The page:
VEGF down-regulates lung endothelial miR-1 in Th2 inflammation
To define the relationships between VEGF and miRNA, we evaluated the expression of miRNAs in VEGF transgenic mice and models of Th2 inflammation. Microarray analysis and TaqMan stem loop quantitative RT-PCR (qRT-PCR) showed that in the lungs of CC10-rtTA-VEGF165 transgenic mice, the levels of miR-1 were decreased by ∼50–60% (Fig. 1, a and b). A comparison of miR-1 levels in isolated endothelial (CD31+, CD45−) and hematopoietic (CD45+) cells from these lungs showed that, in contrast to hematopoietic cells, the levels of miR-1 in endothelial cells were diminished by >90% (Fig. 1 c). In accord with these findings, recombinant VEGF decreased the levels of miR-1 in primary mouse lung endothelial cells (MLECs) cultured in vitro in a concentration-dependent manner (Fig. 1 d). This down-regulation was at least partially MLEC specific because VEGF did not decrease the levels of miR-1 in mouse pulmonary artery smooth muscle cells (PASMCs) or a lung epithelial cell line (MLE12; Fig. 1 e).
To test the Th2 relevance of this down-regulation, we next analyzed the expression of miR-1 in two well established models of lung Th2 inflammation. Similar to VEGF transgenic mice, overexpression of IL-13 in the lung epithelium inhibited expression of miR-1 (Fig. 2 a), and this inhibition was more prominent in endothelial cells (Fig. 2 b). To investigate the consistency of this down-regulation in aeroallergen-induced Th2 inflammation and show the role of VEGF, we measured the level of miR-1 in lung endothelium of OVA-sensitized and -challenged mice treated with intranasal or systemic VEGFR2 blockers. We first showed that intranasal delivery of VEGFR2 siRNA decreased expression of VEGFR2 in the lung endothelium by >70% (Fig. 2 c). As shown in Fig. 2 (d and e), OVA sensitization and challenge reduced the expression of endothelial miR-1 by >70% and VEGFR2 blockade in the lung (by intranasal delivery; Fig. 2 d) or systemically (i.p. delivery of SU5416; Fig. 2 e) abrogated this down-regulation. These experiments demonstrate that airway Th2 inflammation down-regulates miR-1 via a VEGF-dependent mechanism.
miR-1 controls Th2 inflammation in the lung
To further define the roles of miR-1 in Th2 inflammation, we evaluated the effects of miR-1 delivery in the OVA model. A double-stranded miR-1 mimic or its negative control (scr–miR-1) were delivered intranasally to mice at the time of OVA challenge. Using this method, miR-1 levels increased by >10-fold in the lung endothelium, confirming the efficiency of delivery (Fig. 3 a). In these experiments, mice that received the vehicle or scrambled miR-1 control manifested significant increases in tissue inflammation, eosinophilia, and type 2 cytokine accumulation in the bronchoalveolar lavage fluid (BAL) and airway hyperresponsiveness (AHR) in response to methacholine challenge (Fig. 3, a–d). However, miR-1 delivery at the time of OVA challenge ameliorated each of these Th2 hallmark responses (Fig. 3, a–d). These changes were accompanied by a significant decrease in mucus (MUC5) hypersecretion and lung tissue eosinophilia, further demonstrating that miR-1 inhibitory effects are not limited to BAL (Fig. 3 e). In agreement with the above experiments, the secretion of eotaxin and the accumulation of pulmonary CD4+ T cells were also significantly inhibited, whereas the level of VEGF in the BAL remained unchanged (Fig. 3 f), suggesting that the delivered miR-1 is not directly targeting VEGF. Levels of serum OVA-specific IgE also did not differ among different OVA-challenged groups (not depicted), suggesting that, as expected, miR-1 delivery at the time of the antigenic challenge does not affect T cell sensitization. In accord with these observations, miR-1 delivery also ameliorated ongoing Th2 inflammation. As shown in Fig. 3 g, the effectiveness of intranasal miR-1 was not limited to its prophylactic administration and intranasal delivery even 24 h after the first antigenic challenge inhibited the BAL eosinophilia, IL-13, and eotaxin secretion.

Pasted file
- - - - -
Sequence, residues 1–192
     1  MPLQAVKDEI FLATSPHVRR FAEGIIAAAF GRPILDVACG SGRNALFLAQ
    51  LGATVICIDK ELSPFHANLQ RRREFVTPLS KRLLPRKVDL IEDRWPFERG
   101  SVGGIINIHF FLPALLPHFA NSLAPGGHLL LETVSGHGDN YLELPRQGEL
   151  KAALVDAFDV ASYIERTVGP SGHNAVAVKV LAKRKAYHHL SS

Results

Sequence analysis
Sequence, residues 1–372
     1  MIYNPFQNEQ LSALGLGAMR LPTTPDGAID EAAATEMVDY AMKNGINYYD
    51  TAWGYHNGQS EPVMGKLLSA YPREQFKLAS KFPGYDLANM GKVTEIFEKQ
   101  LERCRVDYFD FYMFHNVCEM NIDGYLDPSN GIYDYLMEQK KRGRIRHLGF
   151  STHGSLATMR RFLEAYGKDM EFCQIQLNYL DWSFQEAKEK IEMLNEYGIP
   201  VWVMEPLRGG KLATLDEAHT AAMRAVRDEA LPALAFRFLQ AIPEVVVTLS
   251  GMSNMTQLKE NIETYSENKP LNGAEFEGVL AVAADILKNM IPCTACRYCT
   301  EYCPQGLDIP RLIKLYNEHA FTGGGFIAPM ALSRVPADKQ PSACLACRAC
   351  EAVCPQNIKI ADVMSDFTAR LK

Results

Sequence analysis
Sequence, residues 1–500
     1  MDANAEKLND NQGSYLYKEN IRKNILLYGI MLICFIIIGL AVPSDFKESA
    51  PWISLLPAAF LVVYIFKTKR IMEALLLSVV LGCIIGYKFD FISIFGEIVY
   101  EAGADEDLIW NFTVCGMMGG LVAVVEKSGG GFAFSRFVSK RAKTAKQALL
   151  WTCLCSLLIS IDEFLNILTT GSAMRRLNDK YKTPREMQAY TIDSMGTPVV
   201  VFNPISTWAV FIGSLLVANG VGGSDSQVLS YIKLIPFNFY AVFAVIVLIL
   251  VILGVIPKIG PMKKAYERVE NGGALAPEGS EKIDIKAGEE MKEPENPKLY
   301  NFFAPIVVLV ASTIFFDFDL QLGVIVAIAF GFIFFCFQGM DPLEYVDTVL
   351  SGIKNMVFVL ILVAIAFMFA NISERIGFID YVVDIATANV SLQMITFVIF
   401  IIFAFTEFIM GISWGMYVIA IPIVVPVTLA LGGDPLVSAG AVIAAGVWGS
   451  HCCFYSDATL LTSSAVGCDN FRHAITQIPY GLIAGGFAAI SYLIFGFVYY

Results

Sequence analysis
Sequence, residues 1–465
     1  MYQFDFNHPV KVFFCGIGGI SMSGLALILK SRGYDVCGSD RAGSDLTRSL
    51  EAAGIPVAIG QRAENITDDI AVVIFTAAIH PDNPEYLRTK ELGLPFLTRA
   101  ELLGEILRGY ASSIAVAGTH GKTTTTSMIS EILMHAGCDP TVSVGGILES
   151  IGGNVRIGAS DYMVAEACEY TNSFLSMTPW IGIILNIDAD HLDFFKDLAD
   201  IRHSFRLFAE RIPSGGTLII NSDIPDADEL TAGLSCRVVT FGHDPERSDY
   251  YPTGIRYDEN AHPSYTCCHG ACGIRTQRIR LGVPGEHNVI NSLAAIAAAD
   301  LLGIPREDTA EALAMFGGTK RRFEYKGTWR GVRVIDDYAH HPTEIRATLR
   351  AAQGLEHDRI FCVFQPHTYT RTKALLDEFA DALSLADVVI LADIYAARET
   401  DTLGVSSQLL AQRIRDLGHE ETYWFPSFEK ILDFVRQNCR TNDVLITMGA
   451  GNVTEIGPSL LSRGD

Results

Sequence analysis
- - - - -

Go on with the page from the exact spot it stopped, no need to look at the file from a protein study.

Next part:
To further investigate the roles of miR-1 in Th2 inflammation, we also characterized the effects of miR-1 blockade. As can be seen in Fig. 4 a, the intranasal administration of an miR-1 antagomir reversed the inhibitory effects of VEGFR blockade and rescued OVA-induced eosinophilic inflammation, mucus metaplasia, and IL-5 secretion. Collectively, these observations demonstrate that miR-1 down-regulation plays a critical role in many facets of pulmonary Th2 inflammation.